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Well well well.  If there is one thing that can shake me out of my blogging snooze, maybe it is the tried and true End of the Year meme.  I am inspired enough to continue the tradition so – Hello!  Sorry for the prolonged absence.  Let’s see if 2011 allows for a little more blogging time. 

 

Without further ado:

 

1. What did you do in 2010 that you’d never done before?

Is it too early in the meme to mention buying a house?  I bought a house.

 

2. Did you keep your new years’ resolutions, and will you make more for next year?

I once made a New Year’s resolution to not worry about New Year’s resolutions.  Yeah.  I kept that one. 

 

3. Did anyone close to you give birth?

Yes.

 

4. Did anyone close to you die?

Define “close.”  Close enough to go to his funeral?  Yes.  Drat.  I came very close to having ONE year with no funerals. 

 

5. What countries did you visit?

U.S.A.

6. What would you like to have in 2011 that you lacked in 2010?

A very warm pair of slippers.  I got a pair for Christmas but they need to be exchanged for a larger size.  California is COLD!

 

7. What dates from 2010 will remain etched upon your memory, and why?

I don’t do numbers.  Numbers do not etch themselves upon my memory.

 

8. What was your biggest achievement of the year?

I think getting three different job offers was fairly reassuring. 

 

9. What was your biggest failure?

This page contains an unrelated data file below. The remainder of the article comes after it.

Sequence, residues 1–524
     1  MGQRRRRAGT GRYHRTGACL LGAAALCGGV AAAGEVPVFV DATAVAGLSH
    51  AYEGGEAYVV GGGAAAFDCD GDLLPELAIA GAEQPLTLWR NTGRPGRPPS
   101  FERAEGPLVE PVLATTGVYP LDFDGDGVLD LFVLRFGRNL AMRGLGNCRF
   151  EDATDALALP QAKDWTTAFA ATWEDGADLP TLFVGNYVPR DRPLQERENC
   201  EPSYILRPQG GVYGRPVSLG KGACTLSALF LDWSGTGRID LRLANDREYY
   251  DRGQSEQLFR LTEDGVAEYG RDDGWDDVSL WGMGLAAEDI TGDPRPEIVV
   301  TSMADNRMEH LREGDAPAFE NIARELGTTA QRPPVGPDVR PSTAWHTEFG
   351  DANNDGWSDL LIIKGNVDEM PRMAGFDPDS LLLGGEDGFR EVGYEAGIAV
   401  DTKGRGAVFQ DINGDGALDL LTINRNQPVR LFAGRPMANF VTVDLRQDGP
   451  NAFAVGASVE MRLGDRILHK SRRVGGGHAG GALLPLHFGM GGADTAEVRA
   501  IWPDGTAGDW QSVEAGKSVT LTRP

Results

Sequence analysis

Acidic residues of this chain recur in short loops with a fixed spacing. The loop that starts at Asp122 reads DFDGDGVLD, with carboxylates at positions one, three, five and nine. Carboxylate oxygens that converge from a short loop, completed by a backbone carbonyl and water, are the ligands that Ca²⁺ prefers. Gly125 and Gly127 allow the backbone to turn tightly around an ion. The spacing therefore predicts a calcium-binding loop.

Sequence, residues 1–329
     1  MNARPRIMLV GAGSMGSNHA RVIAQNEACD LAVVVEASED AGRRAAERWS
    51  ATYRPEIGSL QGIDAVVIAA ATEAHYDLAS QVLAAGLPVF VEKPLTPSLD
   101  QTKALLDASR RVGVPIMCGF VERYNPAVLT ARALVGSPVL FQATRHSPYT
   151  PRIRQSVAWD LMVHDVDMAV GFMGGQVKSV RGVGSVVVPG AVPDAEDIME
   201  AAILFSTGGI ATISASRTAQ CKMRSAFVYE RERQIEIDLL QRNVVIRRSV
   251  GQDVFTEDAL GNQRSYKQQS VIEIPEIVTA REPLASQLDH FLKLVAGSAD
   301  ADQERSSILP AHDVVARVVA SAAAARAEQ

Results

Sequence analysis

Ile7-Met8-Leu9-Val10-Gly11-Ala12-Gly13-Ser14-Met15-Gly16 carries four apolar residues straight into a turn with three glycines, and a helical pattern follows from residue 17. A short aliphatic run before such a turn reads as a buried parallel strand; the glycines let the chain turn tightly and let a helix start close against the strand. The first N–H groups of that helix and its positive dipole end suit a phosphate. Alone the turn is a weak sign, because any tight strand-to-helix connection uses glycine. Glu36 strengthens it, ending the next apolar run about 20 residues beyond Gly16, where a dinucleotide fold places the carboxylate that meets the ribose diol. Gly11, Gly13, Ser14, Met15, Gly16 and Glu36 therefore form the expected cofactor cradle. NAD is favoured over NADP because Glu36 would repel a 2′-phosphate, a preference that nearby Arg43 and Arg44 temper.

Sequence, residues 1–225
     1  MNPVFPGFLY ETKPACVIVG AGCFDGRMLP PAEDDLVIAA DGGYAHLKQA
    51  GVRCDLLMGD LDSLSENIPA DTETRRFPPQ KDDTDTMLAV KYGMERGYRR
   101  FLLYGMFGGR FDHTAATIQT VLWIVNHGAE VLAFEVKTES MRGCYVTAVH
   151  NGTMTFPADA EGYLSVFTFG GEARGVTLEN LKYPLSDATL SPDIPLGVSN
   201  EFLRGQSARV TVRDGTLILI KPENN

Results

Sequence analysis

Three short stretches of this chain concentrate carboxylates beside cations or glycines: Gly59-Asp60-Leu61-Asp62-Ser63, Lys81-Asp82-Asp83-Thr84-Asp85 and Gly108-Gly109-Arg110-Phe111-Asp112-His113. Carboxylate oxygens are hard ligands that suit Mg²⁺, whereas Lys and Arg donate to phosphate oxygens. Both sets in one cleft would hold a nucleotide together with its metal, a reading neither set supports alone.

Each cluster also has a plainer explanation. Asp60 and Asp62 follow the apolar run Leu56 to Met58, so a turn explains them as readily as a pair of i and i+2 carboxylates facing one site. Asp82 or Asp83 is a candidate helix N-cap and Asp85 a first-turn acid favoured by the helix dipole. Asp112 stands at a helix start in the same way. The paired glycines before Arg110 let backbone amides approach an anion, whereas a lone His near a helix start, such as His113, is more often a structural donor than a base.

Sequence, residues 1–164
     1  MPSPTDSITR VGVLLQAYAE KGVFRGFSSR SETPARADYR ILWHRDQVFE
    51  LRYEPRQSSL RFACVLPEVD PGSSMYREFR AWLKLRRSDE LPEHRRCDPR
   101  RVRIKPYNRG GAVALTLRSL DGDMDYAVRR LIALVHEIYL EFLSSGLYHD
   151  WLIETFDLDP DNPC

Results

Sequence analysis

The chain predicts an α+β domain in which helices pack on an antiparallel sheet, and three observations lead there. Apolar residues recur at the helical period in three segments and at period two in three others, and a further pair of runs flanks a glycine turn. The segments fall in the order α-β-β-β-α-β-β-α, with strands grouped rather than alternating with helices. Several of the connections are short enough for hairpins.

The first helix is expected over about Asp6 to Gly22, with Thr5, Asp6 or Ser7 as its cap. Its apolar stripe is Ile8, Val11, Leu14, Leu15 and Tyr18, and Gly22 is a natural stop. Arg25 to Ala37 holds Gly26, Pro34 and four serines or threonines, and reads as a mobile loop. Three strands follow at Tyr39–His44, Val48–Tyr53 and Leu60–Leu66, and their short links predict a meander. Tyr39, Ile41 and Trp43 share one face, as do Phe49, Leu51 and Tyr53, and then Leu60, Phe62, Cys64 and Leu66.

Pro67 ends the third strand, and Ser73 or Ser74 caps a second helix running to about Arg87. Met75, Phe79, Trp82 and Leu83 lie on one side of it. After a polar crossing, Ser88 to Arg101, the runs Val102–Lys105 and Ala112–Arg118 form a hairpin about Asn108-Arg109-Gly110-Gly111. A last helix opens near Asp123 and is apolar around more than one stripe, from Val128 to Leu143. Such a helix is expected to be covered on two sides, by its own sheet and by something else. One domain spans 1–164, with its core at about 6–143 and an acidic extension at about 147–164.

No big failures.  Just some disappointments.  Like my crappy poker stats at the end of the year.  *sigh* I would like to be in the top 25% out of almost 2 million players.  Which is still dismal compared to my 96% rating out of over one million players a couple of years ago.  But oh well.  72% this year.  Nothing I can do about it now. Stupid full-time job getting in the way of my poker playing.  *grumble*

 

Also, I and the medical establishment in Maui failed completely to alleviate any of my chronic issues this year.  Medical establishment – you suck (except maybe for that rather handsome ENT doc who actually figured one thing out).

 

10. Did you suffer illness or injury?

No major illness, but yes indeedy – more body parts broke down again this year.  Arthritis diagnosed.  Inflamed larynx (I have pictures!).  Undiagnosed hip issue. Potentially uncooperative reproductive system.   It’s the joy of aging, folks.

 

11. What was the best thing you bought?

That would be the aforementioned HOUSE.

 

12. Whose behavior merited celebration?

I gotta give a shout-out to my former co-workers this year.  I spent almost six months at my old workplace this year before I left again for another job.  The office has been a sinking ship and it’s been a weekly drama of people leaving, both voluntarily and involuntarily.  It’s been stressful, sad, frustrating, and just downright wrong to see a once very-highly-regarded office of professionals fade away.  But through it all, most of these folks have been supportive of each other while maintaining a (sometimes gallows-like) sense of humor.